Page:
Today we see a rise of nationalism, an intolerance toward immigrants and refugees, and an indifference towards those in our society who are the most vulnerable. Polarization splits our society, pitting one group against the other. While consumption is offered as a substitute for meaning, the problems of our feuding society can feel like huge boulder which we don’t know how to handle. Are we to be defeated by this huge boulder, which we have to roll up the mountain over and over again, or is there another way to respond to this conundrum?
Camus proposes an alternate and inspiring view of Sisyphus and his task. In The Myth of Sisyphus he sees the absurd hero as the one who defies the gods because they have abused their power. Sisyphus’ punishment for speaking out against injustice is to muscle the stone up the steep mountain over and over again, forever. In Camus’ interpretation, Sisyphus is well aware of his situation, including what led up to it as well as what his future will be. According to Camus, Sisyphus pushes his stone forward with an attitude of knowing, dignity and even joy, choosing to be present to his task. Knowing that he has no choice other than to shove the stone up the tall and steep mountain again and again, he makes the mental choice remaining to him to replace sorrow with joy.
I see Sisyphus as deeply present with what is.What he chooses to do is not arbitrary or accidental, but a life affirming response to suffering.
In a holographic reality, the whole is detected within the part, as the part lives within the whole.
Sisyphus realizes that in tending to the immediate situation (perhaps his hurting back or his aching thighs), he is in fact tending to the part that helps to make up the whole. Camus writes: “…each atom of that stone, each mineral flake of that night-filled mountain, in itself forms a world.” Thus, he argues that separateness is an illusion, and that all is interconnected. This truth can be sensed in mystical experiencing. In engaging with his challenge with an expended awareness, Sisyphus moves toward an attitude of kindness and increased presence, engaging in his task (a version of which is shared by all of us) in a new way.
In the face of the tension and confusion that I detect within myself, my clients, my students, and society as a whole, I feel myself drawn to reflect on the stone and Sisyphus’ relationship to it. I keep coming back to what I hear from many people, that taking care of their own life is the best they can do. But we can and must go beyond that. We can do both, engage with the troubles of this world, and take responsibility for our individual worlds. The awareness that all is radically interconnected, that everything “inter-is,” makes a difference to how we engage. We might envision this as a feedback loop, in which an act of kindness gives us meaning, and where meaning in turn gives us the strength to engage.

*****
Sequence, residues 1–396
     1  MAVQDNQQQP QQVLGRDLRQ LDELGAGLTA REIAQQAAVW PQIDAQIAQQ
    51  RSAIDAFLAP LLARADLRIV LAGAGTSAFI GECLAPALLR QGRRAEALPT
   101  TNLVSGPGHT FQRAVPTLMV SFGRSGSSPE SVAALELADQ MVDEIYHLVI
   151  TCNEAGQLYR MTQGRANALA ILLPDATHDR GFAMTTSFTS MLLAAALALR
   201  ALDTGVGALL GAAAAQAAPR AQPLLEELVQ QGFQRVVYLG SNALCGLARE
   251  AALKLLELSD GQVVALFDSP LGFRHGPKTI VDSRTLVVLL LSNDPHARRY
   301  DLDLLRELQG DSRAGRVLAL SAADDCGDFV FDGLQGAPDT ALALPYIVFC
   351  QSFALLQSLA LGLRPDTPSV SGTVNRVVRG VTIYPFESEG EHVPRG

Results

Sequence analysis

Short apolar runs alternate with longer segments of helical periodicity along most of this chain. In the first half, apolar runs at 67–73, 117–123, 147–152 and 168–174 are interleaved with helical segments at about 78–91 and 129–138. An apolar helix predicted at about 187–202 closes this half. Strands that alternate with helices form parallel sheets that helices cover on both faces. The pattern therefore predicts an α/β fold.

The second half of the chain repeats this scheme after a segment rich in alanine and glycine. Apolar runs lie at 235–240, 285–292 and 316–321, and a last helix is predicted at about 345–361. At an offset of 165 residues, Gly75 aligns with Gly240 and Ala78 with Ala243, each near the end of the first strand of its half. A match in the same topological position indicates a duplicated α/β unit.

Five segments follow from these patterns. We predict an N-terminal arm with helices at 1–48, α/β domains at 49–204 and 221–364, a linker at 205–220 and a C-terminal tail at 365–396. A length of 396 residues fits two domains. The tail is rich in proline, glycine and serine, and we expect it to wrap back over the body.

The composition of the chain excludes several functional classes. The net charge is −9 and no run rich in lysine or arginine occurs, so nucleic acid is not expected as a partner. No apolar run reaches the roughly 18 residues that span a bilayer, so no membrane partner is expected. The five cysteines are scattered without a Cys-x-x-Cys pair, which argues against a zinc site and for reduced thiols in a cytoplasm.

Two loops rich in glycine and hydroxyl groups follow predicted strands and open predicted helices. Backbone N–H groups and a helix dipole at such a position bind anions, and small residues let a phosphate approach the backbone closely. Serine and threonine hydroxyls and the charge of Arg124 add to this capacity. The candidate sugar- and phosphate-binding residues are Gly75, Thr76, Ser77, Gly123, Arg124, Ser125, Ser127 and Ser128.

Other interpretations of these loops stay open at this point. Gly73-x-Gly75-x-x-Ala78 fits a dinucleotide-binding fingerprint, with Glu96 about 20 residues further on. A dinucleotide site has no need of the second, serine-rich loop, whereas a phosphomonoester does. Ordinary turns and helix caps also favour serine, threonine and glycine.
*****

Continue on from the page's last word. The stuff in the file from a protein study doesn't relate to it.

I think of the many people I know, who, in the face of seemingly insurmountable obstacles, give their all to work in some small way to help the world. My friend Manny Jesus, a retired professor of psychology, ceaselessly tries to promote the wellbeing and protection of Mexican American youths as he engages in battles with city authorities. Pete, a mathematician, has developed an instrument for the early detection of habitats threatened by drought, particularly those upon which poorer populations are dependent.And there is Nancy – in anguish about the fate of future generations, she and seven other mothers get together while their children are in school to write letters to congressmen about healthcare, education and the environment.These actions provide meaning and perseverance.
When I think of the enormous problems that we are facing, I believe we have to consider and respect our “human condition.”When I reflect on us as human beings, I think about the first homo sapiens living in the Savannahs deep inside Africa. I imagine small groups of people attempting to survive a hostile environment full of disease and death. If one in the small crowd was vulnerable or cast out for some reason, this person would surely be rapidly devoured by predators.This is ultimately why primal anxiety leaves us humans with a terrifying fear of being excluded, criticized, or otherwise cast out. No wonder we want to attach to family, group, country, or ideology.Yet, attachment easily brings suffering, especially if, as the Buddha teaches, wholesome connectedness contorts into grasping, clinging, or rejecting.There is an inherent underlying suffering at the core of human nature, which is released to the surface when we do not feel safe, loved, and/or protected.
Such reflection may help us to understand why so many who resort to nationalism or “America first” reject those who are different. Unknowingly, they may be experiencing a great fear of sudden change. They may be left feeling un-rooted, while rapid globalization is likely to have caused many to fear a loss of place, value, and tradition. Speedy cultural changes in our society can erode a sense of tradition and of predictability. Unconscious fear leads to the development of “Terror Management Processes.”
Social psychologists Solomon, Greenberg, and Pysczynski propose that we, in order to buffer ourselves from the unbearable awareness of our finite nature (an awareness heightened by the visible dangers to life posed by climate change) instinctively build individual fortresses of wealth, power, and identity. Feeling ourselves as part of this “symbolic immortality” gives us a sense of protection from this fear.When something comes along that undermines this feeling of security and threatens us with an unconscious fear of annihilation, we try to find external solutions, such as circling our wagons or attacking a minority group. Looking down on the “other” gives many the unconscious hope that this will make them more secure, worthy, and important. However, events set in motion by this anxiety may make things worse by escalating the spiral of disconnection and fear.